7. Equity and Net Income (Loss) per Share

Equity

As of March 31, 2022, the Company’s certificate of incorporation authorized the Company to issue shares of preferred stock, all of which is undesignated.

Each share of common stock entitles the holder to one vote on all matters submitted to a vote of the Company’s stockholders. Common stockholders are not entitled to receive dividends, unless declared by the board of directors.

As of March 31, 2022, and December 31, 2021, the Company had outstanding warrants for the purchase of 92,703 shares of common stock at an exercise price of $9.17 per share, of which warrants for the purchase of 49,078 shares and 43,625 shares expire in 2027 and 2028, respectively.

Net Income (Loss) per Share

The Company only has one class of shares outstanding and basic net income (loss) per common share is computed by dividing the net income (loss) by the weighted average number of shares of common stock outstanding for the period. Diluted net income (loss) per common share is computed by dividing net income (loss) by the weighted average number of shares of common stock outstanding for the period, including potential dilutive common shares assuming the dilutive effect of outstanding stock awards. For periods in which the Company reports a net loss, diluted net loss per common share is the same as basic net loss per common share, since dilutive common shares are not assumed to have been issued if their effect is anti-dilutive. The Company excluded the following potential shares of common stock, presented based on amounts outstanding at each period end, from the computation of diluted net income (loss) per share attributable to common stockholders for three months ended March 31, 2022 and 2021 as the impact of including such common stock equivalents would have been anti-dilutive:

March 31, 

    

2022

    

2021

Warrants to purchase common stock

92,703

92,703

Options to purchase common stock

 

2,868,305

 

3,401,557

Restricted stock units

732,280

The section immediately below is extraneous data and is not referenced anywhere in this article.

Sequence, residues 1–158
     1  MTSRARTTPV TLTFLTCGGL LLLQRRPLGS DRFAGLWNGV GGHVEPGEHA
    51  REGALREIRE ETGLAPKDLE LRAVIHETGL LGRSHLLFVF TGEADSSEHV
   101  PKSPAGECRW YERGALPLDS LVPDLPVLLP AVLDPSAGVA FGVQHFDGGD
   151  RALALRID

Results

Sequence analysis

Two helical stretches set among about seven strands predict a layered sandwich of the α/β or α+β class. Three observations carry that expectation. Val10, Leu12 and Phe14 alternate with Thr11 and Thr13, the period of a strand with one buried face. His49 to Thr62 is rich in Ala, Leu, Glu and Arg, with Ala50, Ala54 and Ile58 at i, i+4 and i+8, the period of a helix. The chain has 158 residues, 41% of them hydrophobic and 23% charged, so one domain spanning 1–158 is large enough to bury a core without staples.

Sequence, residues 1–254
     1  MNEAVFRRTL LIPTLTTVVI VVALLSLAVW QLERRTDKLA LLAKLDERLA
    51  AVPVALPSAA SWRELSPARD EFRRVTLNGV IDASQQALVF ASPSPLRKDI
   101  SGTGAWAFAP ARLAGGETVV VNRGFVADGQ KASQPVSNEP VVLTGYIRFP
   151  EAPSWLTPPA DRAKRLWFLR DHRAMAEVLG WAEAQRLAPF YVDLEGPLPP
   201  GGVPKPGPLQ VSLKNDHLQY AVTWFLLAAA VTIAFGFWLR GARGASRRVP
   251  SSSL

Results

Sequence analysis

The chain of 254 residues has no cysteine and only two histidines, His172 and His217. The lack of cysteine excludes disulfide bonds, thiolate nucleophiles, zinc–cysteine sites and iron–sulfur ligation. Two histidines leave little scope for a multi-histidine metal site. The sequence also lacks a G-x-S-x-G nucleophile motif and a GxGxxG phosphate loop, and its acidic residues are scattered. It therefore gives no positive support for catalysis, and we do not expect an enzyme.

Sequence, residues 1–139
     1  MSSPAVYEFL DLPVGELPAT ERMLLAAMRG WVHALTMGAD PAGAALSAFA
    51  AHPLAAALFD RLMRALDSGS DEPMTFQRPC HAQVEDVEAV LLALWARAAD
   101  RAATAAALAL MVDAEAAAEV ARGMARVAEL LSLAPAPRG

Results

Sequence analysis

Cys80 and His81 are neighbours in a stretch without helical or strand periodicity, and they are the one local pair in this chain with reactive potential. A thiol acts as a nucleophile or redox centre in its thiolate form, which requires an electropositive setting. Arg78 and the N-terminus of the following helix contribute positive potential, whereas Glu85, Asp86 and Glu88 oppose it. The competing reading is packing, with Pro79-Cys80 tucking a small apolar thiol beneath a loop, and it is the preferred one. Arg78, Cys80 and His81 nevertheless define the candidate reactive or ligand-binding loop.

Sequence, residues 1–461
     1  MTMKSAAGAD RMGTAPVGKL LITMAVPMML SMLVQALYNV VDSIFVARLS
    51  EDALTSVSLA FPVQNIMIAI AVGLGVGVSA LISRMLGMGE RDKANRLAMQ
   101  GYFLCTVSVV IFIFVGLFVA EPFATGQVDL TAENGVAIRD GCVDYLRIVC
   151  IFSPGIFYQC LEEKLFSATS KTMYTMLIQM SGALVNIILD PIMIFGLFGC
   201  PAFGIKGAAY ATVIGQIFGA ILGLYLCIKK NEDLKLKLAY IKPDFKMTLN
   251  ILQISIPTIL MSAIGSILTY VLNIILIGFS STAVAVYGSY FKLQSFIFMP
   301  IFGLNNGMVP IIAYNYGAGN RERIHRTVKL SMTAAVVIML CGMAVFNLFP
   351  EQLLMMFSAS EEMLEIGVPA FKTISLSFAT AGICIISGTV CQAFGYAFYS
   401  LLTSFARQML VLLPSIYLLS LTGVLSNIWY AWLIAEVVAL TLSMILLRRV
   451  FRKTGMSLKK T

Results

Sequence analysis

3,693,288

 

3,494,260

8. Stock-Based Compensation

The Company recorded stock-based compensation expense for all stock awards in the following expense categories of its condensed consolidated statements of operations and comprehensive loss (in thousands):

Three Months Ended March 31, 

    

2022

    

2021

Cost of revenue

$

63

$

3

Research and development expenses

260

 

60

Selling, general and administrative expenses

966

 

276

$

1,289

$

339

As of March 31, 2022, unrecognized compensation expense was $18.9 million, related to unvested restricted stock units and stock options, which is expected to be recognized over a weighted average period of 3.28 years.

18

9. Commitments and Contingencies

Operating Leases

The Company’s primary operating lease obligations consists of various leases for office space in Boston, Massachusetts; North Carolina; and Pennsylvania.

There have been no material changes to the Company’s leases during the three months ended March 31, 2022. For additional information, read Note 11, Leases, to the consolidated financial statements in the Company’s Form 10-K for the year ended December 31, 2021.

Royalty Arrangements

The Company has entered into royalty arrangements with two parties whereby the Company owes low- to mid-single digit royalty percentages related to revenue that is derived pursuant to in-licensed technologies. Royalty obligations are expensed when incurred or over the minimum royalty periods and have not been material. Some of the arrangements include minimum royalties over a defined term.

The future minimum royalty payments are $0.1 million per year through the end of the patents’ lives. The Company has the right to terminate the agreements with written notice.

401(k) Savings Plan

The Company has a defined-contribution savings plan under Section 401(k) of the Internal Revenue Code. This plan covers substantially all employees who meet minimum age and service requirements and allows participants to defer a portion of their annual compensation on a pre-tax basis. Company contributions to the plan may be made at the discretion of the board of directors. On October 1, 2021, the Company commenced an employer match program whereby the Company matches 100% of the first 3% that each employee contributes to the plan, capped at a maximum of $3,500 per year per employee. During the three months ended March 31, 2022, the Company made $0.2 million in contributions to the plan.

Indemnification Agreements